Beckham the ideal salesman smooths away English troubles

The former captain has taken a leading role in the bid's late revival
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The Independent Football

Only once yesterday did David Beckham find himself lost for words. "Oh my god, you've got me all flustered," he told a female television reporter who had just asked him how he managed to stay "so beautiful".

Beckham has been fielding those kind of nonsense, puffball questions all his career and his aw-shucks response has always proved a winner. But it was how he handled the rest of yesterday's set-piece England 2018 bid press conference that will resonate, whether his country are triumphant or not today.

The debate about Beckham the footballer, not to mention Beckham the personality, is so polarised that it can be hard to have a sensible discussion about him. His critics say he is a fraud; his adoring public at Wembley only need sight of a tattooed arm to break out the standing ovation. So just one simple point about him: yesterday, Beckham was brilliant.

English football has always sought a high profile ex-player as an ambassador like Germany has Franz Beckenbauer and France has Michel Platini. Of course, they both won trophies for their country which will never happen for Beckham now, but at 35 and with his last England cap probably behind him he is doing the next best thing: turning up the full wattage of his charm to try to win the 2018 World Cup for England.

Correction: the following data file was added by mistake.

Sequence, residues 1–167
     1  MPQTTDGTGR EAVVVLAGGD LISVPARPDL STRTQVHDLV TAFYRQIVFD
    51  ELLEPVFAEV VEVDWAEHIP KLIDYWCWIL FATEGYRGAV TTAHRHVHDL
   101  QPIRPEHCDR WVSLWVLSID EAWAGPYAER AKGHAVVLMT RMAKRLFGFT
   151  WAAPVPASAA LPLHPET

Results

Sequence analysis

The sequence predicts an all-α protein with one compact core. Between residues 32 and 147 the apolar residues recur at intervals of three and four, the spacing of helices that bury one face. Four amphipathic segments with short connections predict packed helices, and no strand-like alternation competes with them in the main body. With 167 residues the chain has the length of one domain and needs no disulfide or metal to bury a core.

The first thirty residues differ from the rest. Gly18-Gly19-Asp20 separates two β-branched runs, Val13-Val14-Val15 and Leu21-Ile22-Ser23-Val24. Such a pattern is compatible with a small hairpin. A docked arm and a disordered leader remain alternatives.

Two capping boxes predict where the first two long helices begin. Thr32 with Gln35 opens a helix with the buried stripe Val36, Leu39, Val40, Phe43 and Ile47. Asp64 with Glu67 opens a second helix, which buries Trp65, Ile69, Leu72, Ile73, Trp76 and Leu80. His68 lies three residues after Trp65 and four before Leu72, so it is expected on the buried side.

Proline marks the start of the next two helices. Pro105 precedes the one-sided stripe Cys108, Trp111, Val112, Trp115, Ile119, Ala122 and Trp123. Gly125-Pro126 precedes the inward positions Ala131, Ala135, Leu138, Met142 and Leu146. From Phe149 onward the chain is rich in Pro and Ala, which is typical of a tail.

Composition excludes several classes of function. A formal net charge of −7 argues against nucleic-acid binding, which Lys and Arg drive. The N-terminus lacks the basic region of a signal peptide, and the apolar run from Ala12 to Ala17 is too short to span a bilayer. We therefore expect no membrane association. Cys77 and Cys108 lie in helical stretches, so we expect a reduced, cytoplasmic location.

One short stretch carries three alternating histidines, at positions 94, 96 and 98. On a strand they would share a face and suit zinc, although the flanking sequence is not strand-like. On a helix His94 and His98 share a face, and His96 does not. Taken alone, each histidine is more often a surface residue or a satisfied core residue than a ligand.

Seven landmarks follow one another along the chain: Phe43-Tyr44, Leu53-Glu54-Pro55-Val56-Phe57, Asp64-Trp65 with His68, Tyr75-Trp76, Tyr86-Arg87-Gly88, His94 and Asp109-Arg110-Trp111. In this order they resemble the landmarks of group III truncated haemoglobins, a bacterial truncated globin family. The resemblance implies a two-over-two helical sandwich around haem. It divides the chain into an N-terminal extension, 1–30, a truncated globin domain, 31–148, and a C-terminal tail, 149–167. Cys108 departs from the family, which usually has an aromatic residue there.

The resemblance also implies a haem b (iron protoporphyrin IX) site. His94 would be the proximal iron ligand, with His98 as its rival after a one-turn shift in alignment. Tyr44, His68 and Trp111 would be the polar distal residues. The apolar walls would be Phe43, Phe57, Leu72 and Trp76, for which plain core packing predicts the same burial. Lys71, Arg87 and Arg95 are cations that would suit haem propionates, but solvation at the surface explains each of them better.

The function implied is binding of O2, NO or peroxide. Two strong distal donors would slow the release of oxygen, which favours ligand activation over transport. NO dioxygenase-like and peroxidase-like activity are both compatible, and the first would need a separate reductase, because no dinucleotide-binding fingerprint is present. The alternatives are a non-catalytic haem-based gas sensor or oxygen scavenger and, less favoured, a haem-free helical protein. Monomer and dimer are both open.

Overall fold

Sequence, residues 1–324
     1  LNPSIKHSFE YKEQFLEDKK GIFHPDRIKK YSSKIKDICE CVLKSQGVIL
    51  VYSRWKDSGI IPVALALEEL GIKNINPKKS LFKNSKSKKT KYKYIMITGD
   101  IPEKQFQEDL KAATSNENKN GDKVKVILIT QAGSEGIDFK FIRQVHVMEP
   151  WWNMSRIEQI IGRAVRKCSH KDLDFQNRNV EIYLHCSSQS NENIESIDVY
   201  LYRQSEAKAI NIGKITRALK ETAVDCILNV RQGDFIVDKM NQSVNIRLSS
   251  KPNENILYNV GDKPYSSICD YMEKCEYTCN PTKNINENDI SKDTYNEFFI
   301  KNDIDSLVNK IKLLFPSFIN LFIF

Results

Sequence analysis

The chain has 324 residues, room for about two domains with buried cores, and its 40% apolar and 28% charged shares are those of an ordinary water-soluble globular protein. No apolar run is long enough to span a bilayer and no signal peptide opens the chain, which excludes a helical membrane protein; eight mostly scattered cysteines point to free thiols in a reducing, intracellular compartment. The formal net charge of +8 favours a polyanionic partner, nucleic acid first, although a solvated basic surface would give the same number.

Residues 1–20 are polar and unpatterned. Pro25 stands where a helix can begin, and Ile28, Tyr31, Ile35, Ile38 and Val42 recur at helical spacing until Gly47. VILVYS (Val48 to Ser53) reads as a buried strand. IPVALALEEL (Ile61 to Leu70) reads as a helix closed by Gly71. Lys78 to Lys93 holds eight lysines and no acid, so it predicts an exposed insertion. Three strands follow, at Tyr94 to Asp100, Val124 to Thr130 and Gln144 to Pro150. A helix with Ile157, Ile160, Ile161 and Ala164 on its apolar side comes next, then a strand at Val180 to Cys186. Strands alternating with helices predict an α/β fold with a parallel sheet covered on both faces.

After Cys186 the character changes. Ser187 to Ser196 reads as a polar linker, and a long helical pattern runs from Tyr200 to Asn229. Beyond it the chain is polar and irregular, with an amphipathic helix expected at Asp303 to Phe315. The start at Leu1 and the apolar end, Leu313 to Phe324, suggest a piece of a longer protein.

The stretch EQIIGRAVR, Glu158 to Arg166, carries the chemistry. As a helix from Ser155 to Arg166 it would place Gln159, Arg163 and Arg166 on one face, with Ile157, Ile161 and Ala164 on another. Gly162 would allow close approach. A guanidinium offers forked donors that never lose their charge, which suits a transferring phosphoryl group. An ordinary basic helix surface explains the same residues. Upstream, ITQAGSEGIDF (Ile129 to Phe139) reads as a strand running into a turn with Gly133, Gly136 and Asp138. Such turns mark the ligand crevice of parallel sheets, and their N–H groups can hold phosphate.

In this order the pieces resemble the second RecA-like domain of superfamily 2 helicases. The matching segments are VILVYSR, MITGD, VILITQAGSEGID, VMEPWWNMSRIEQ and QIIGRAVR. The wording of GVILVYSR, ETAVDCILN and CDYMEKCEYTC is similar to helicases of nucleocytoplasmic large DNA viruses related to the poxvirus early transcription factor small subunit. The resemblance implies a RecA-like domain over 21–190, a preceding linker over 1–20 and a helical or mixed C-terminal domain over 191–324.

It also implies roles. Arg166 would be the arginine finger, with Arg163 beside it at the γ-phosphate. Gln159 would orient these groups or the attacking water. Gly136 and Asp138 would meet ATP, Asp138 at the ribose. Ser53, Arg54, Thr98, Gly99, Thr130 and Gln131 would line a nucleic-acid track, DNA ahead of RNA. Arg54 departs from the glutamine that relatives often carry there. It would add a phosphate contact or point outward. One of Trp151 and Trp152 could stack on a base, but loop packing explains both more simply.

Beckham has the unusual quality of being completely plausible to the extent that when he declares himself "a traditionalist" brought up by his "nan and grandad" to admire the royal family, you find yourself thinking: why not? When he promises the world that the English media will behave themselves and get behind an English World Cup, there is no one else who could say that without fear of ridicule.

In Becks' world, there is no obstacle that cannot be overcome by either "looking at the positives" or recalling a salient lesson from his old mentor Sir Alex Ferguson. "All the way through my career, especially playing for Manchester United, I knew how important it was to keep fighting to the last minute," he said yesterday as if the last 24 hours of lobbying were no simpler than picking out Ole Gunnar Solskjaer from a corner.

What Beckham did so effectively for England's bid yesterday was to blow away the inconvenient details. The small matter of BBC's Panorama investigation uncovering corruption in the Fifa executive committee (ExCo)? Beckham says he has smoothed it over with Sepp Blatter, the Fifa president. The thorny question of whether Jack Warner will deliver the three Concacaf votes? Don't worry, Beckham promised to speak to Warner last night.

Crucial to his credibility as a public figure is his delivery which has improved immeasurably too. There was a time when he would recite the key message so blatantly that his media handlers might as well have saved him the bother and handed out the briefing sheet. Now he is smoother, more articulate and much more relaxed.